Cycling out of Prizren took a while, but I then decided to take a short cut through a couple of villages, which were in fact not such a short cut as the second village was ‘up’ in the steepest sense possible. However I met a large group of noisy children, keen to go through my bags and get an impromptu English lesson – ‘whassat?’, ‘whassat?’ and fall about laughing. I also met a lovely family – who fetched their 22yr old son who spoke English, so I could be interrogated again.
Of course, they wanted to know what I thought of Kosovo. How can one explain that the vast majority of people don’t think of much beyond their daily lives, unless it’s brought under their nose by a crisis like the Syrian refugees? Of course I had heard of Kosovo – through reports of the war in the early 90s and its birth in the not so distant past. I said I thought the people were really friendly, welcoming, generous and the scenery stunning (if one ignores the rubbish). Probably not what they wanted to hear. The son works hard in Prishtine - he tells me he gets criticized by his family for not wanting to see them enough, and accused of not caring. He says they don’t understand that he is working all the hours. He tells me this because I am transient and moving on and because he can. I got the sense (from non verbal cues, before the son arrived) that the Dad was actually incredibly proud of his English speaking and hard working son, but there you go.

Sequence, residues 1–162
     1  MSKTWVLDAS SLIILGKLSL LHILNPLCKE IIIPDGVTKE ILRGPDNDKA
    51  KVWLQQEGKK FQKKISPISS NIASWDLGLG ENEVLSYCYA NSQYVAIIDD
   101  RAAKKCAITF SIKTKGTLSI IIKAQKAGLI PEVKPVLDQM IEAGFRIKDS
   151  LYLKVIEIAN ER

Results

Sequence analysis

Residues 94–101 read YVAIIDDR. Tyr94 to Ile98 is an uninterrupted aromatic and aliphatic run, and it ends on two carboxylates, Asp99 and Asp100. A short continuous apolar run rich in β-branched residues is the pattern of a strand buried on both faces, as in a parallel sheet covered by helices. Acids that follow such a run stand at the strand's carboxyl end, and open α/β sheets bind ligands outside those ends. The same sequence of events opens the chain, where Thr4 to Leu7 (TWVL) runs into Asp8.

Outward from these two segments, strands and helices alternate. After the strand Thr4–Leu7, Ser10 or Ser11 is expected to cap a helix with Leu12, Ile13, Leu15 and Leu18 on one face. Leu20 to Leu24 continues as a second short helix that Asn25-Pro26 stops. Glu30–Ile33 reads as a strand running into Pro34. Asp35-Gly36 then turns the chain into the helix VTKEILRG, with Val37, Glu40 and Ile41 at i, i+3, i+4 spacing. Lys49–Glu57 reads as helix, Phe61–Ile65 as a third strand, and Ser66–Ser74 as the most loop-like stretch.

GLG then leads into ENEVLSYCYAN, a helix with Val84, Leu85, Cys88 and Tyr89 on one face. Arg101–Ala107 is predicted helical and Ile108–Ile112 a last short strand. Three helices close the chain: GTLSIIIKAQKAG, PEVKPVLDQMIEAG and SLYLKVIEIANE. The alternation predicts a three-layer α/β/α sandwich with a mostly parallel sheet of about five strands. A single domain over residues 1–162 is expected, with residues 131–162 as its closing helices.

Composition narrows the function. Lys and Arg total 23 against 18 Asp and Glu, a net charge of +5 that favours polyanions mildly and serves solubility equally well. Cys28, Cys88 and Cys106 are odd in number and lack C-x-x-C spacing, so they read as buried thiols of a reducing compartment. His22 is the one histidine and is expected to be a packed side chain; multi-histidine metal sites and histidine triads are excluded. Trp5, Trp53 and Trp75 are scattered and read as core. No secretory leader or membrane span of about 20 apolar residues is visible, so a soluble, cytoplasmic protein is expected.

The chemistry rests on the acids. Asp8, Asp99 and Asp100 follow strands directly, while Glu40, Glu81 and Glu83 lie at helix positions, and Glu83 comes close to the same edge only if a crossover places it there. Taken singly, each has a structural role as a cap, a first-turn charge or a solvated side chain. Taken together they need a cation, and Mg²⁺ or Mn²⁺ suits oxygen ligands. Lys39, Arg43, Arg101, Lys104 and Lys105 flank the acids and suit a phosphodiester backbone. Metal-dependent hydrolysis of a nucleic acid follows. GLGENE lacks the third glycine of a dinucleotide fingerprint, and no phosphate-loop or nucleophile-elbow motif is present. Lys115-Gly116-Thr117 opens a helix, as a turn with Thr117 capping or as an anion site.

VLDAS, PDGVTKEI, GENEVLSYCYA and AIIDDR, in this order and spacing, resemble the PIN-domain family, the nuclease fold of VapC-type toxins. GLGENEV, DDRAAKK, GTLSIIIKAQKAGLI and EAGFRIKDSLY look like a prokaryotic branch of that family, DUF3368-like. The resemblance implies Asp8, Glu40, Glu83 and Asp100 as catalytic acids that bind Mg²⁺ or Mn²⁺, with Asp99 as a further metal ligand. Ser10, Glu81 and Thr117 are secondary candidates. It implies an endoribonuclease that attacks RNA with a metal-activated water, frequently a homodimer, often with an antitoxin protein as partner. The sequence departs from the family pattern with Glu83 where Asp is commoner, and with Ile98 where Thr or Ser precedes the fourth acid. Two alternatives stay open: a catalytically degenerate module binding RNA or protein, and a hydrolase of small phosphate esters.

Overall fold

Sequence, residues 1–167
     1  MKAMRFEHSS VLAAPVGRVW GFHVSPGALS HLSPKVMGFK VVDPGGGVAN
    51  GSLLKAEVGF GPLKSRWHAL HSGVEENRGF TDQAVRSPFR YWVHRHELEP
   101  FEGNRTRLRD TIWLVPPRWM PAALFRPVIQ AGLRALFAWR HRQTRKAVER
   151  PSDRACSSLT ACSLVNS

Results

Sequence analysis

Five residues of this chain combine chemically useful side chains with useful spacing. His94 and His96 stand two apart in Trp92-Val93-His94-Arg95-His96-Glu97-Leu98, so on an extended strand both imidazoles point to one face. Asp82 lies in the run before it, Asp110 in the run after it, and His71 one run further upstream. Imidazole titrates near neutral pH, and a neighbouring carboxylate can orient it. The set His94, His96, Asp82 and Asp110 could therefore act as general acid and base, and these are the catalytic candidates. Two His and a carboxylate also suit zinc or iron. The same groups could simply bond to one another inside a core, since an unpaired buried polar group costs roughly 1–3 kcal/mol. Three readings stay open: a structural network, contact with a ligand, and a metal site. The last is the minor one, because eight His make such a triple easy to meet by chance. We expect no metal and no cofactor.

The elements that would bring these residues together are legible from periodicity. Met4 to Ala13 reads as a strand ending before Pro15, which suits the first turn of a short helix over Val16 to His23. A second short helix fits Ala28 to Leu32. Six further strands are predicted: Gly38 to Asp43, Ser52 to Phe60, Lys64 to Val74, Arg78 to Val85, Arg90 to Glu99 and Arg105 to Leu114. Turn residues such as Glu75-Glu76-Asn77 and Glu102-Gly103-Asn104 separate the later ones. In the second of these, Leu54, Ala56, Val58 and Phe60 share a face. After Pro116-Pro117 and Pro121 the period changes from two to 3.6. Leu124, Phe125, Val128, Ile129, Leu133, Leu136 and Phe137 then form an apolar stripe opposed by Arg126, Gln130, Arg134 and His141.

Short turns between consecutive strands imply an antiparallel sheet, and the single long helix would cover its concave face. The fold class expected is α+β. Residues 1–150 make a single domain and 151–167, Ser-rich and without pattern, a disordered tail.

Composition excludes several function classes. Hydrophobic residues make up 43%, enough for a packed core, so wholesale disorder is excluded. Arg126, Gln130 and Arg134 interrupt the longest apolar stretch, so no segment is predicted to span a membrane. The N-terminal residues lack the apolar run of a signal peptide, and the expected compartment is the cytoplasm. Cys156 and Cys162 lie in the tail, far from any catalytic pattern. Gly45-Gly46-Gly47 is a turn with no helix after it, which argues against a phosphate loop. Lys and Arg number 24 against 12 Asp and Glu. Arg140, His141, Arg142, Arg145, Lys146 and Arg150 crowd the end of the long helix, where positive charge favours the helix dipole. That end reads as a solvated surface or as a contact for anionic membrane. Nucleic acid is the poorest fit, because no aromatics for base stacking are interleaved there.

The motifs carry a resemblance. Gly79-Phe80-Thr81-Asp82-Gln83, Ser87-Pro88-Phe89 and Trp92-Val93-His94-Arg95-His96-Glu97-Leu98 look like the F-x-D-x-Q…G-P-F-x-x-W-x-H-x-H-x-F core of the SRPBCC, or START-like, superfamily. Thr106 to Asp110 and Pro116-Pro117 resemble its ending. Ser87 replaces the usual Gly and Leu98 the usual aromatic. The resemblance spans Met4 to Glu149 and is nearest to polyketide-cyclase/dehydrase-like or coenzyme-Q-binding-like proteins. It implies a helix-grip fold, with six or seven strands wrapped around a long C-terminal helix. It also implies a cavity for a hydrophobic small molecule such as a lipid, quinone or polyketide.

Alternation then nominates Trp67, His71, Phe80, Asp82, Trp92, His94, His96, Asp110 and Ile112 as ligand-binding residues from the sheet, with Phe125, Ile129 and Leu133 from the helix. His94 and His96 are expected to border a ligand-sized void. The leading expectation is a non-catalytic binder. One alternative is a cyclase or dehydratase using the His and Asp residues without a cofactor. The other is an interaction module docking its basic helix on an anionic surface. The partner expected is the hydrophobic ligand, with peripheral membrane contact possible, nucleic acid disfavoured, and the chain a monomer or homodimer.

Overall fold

I get lost trying to escape from the village, until I am directed down a dirt track by a different crowd of kids, one that leads me around a hair pin bend and back up the other side of the mountain to rejoin the main road I should have been on. Nature puts on an amazing lightening display above Prizren to entertain me as I push my bicycle up and up. (Little do I know that this same storm is wreaking havoc in Macedonia and at least 21 people will die in the resulting floods in and around Skopje and Tevoro). I accept a lift from Naser who takes me back to meet his family and stay the night in a small village called Blaq – back along a bit from where I was.
Naser is a headmaster – he shows me videos of the school band playing traditional music – they’re good! He lives with his 92 yr old recently widowed mother, his wife, several children (I didn’t see them all, and couldn’t keep track of all the people who came in and out of the house). Ariana, his oldest daughter lives there with her husband. They summon Danny to translate – Naser’s brother – who is home visiting his family from Manchester where he is a coach driver. Ariana is a midwifery student working in the local hospital – I established that there is no such thing as a home birth – but not much else, as Danny is a bit coy about such things. Danny translates for us all, though much of the conversation goes over my head. I get fed a meaty stew (and swallow the fatty bits quickly) and get to sleep in another comfortable bed! I guess I could have been kidnapped! Danny and Ariana both ‘friend’ me on Facebook.